‘All Killer No Filler’: The Sum 41 Classic That Defined Skate Punk
Despite coming late to the skate punk party, Sum 41 released a bona fide classic in the shape of the aptly-named ‘All Killer No Filler.’
At the time of their launch, Sum 41 may have been seen as latecomers to the skate-punk party. After all, by the time the band had inked a deal with Island, like-minded acts including The Offspring and Blink-182 had already released multi-platinum-selling titles, while younger, mosh-friendly scenes such as emo and nu-metal were already waiting impatiently in the wings. Before too long, however, they would release an album that soon ranked among the best of the era: their full-length debut, 2001’s All Killer No Filler.
Listen to All Killer No Filler.
However, to write this enduring Ontario outfit off as anything but their own men is to do them a grave disservice. Having formed in 1996, they came up the hard way, slogging through endless local gigs before their first demo recording, made in 1998, led to Island subsidiary Big Rig releasing their debut mini-LP, Half Hour Of Power, in June 2000.
Stylistically diverse, this first waxing featured tracks flirting with old-school heavy metal (“Ride The Chariot To The Devil”), hip-hop (“Dave’s Possessed Hair”/“It’s What We’re All About”), and NOFX-esque ska-punk (“Second Chance For Max Headroom”), but it was largely positively received by the critics and ensured that Sum 41’s name began to circulate nationally.
Sessions for the band’s full-length debut, All Killer No Filler, took place across the winter of 2000. With everything in the can by March 2001, Sum 41 then embarked on a series of high-profile US dates on the MTV-sponsored Campus Invasion tour prior to Island issuing their album’s lead single, “Fat Lip.”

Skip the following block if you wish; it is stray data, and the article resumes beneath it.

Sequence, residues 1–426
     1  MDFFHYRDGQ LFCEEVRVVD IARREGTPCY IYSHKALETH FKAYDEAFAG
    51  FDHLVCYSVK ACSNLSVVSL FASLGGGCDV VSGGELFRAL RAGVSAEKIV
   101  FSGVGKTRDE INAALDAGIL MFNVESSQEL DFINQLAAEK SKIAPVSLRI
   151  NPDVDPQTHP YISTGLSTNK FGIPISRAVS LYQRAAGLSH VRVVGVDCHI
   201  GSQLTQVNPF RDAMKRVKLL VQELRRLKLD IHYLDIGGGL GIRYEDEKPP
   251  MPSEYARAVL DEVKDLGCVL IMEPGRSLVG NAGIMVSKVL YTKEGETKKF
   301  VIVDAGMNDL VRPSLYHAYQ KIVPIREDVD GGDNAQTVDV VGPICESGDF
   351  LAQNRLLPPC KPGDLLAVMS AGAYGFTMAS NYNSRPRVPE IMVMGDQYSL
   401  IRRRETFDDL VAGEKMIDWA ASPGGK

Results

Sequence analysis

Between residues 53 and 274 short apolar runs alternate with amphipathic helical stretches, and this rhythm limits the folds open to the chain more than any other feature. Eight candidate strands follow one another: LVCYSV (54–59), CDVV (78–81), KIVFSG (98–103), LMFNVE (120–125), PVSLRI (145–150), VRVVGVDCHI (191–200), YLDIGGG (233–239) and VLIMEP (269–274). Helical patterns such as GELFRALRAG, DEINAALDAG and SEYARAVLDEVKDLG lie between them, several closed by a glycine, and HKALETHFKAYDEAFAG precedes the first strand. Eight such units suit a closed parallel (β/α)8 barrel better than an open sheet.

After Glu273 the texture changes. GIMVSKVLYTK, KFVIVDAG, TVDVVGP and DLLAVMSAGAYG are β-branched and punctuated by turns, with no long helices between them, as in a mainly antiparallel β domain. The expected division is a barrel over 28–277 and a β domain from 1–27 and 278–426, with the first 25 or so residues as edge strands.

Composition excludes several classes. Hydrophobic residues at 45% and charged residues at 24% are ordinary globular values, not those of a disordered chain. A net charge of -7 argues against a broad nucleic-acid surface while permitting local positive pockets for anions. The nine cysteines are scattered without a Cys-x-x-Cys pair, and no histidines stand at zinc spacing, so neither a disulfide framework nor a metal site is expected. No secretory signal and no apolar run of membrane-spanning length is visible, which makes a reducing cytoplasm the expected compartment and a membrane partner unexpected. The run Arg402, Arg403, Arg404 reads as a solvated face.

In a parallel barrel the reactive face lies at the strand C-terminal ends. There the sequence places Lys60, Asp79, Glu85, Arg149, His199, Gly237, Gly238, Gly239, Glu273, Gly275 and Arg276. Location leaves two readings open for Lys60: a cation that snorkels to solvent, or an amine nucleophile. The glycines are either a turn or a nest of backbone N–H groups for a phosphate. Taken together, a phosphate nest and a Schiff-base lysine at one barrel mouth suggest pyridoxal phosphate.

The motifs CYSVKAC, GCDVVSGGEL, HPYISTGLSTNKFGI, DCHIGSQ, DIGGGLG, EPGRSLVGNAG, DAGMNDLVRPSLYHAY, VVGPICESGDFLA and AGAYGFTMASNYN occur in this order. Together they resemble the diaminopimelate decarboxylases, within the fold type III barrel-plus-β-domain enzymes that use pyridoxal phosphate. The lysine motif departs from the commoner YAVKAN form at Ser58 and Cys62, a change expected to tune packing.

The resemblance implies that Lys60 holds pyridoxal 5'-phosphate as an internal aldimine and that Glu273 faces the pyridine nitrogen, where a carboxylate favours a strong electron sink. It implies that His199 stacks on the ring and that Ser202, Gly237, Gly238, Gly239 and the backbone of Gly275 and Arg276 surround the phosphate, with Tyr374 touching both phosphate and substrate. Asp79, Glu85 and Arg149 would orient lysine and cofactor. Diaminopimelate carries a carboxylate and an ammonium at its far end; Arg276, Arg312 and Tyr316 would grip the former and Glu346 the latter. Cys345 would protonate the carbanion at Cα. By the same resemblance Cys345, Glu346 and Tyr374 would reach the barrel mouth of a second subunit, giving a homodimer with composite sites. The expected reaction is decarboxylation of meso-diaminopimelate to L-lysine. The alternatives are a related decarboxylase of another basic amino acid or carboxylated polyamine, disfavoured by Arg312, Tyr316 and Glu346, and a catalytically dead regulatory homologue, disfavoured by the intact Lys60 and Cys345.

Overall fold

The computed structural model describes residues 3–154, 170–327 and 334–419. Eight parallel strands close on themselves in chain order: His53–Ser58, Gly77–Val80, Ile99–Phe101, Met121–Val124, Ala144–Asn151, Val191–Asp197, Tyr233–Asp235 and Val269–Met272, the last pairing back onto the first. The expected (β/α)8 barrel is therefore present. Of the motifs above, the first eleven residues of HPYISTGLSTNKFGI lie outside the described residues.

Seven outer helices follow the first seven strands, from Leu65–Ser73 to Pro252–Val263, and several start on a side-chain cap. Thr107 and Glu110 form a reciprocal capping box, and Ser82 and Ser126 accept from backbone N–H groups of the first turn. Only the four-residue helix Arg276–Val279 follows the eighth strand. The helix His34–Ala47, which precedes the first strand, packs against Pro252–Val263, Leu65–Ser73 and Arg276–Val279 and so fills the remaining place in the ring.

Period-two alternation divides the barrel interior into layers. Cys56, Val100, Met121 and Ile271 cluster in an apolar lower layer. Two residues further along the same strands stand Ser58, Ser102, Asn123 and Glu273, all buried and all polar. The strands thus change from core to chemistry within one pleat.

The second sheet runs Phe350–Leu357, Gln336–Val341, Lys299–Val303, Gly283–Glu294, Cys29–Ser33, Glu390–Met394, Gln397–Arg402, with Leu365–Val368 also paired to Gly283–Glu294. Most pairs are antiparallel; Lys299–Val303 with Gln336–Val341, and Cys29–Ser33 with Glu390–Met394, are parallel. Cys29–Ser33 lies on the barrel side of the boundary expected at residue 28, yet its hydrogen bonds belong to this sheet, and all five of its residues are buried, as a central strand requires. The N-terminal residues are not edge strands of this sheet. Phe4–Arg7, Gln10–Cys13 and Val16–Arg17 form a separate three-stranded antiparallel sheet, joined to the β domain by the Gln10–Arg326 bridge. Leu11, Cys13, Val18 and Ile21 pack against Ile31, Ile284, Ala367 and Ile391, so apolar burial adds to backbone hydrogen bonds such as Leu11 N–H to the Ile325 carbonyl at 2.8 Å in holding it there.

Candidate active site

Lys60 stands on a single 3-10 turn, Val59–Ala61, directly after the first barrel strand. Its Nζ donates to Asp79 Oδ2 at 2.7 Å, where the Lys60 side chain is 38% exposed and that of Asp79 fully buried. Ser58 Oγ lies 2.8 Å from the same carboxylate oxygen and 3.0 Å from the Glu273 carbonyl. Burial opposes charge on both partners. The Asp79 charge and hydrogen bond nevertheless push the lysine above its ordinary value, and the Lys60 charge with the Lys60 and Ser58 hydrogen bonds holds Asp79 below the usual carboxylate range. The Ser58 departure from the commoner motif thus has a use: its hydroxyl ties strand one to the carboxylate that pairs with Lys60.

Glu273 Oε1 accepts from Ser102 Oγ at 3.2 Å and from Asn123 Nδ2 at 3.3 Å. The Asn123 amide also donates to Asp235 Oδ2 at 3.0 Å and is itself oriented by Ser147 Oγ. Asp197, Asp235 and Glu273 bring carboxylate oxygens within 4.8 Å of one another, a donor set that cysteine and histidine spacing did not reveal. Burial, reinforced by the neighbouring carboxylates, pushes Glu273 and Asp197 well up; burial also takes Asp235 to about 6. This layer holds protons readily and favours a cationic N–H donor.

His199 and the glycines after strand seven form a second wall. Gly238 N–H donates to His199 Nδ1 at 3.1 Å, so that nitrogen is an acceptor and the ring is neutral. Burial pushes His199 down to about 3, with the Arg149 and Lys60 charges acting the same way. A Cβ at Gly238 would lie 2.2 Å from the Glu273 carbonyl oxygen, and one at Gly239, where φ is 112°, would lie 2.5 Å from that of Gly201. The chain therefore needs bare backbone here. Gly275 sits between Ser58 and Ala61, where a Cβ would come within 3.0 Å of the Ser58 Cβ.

Still arguably Sum 41’s signature hit, this feisty 45 quickly hit pay dirt, topping the Billboard Modern Rock Tracks chart and even bagging the band a Top 10 UK singles entry. An all-too easily relatable tale of partying and youthful hijinks in the ’burbs, “Fat Lip” featured dextrous vocal interplay between frontman Deryck Whibley, guitarist Dave Baksh, and drummer Steve Jocz, yet while its deft fusion of Beastie Boys-esque rap and Iron Maiden-style metal was undeniably infectious it was a notable deviation from the high-octane punk-pop anthems which formed the backbone of the band’s debut LP.
When it was released, on May 8, 2001, All Killer No Filler lived up to the swaggering confidence of its title. Producer Jerry Finn had previously engineered Green Day’s Dookie and overseen Blink-182’s Enema Of The State, and his reliably crisp studio techniques ensured these young Canadians were primed for the mainstream. “In Too Deep” and the shape-throwing “Motivation” duly followed “Fat Lip” into the Top 30 of Billboard’s Modern Rock chart, yet at least half a dozen of All Killer…’s disciplined, hook-addled set pieces could easily have roared out of radios nationwide.
Rolling Stone’s review sagely noted “Sum 41 are sharp musicians” and the band’s burgeoning fanbase seconded that emotion, ensuring that All Killer No Filler eventually sold almost two million copies in the US alone. Catapulting the group onto the international stage, the album also earned platinum certifications in the UK and Canada. By the time 2002’s notably darker Does This Look Infected? yielded similar results, Sum 41 had categorically proved that the party was just getting started.
February 7, 2017 at 3:11 am
I’m totally Rock & Roll so give me more when
May 11, 2018 at 12:45 am
The neo/proto punk band Death??? Politician in my eyes??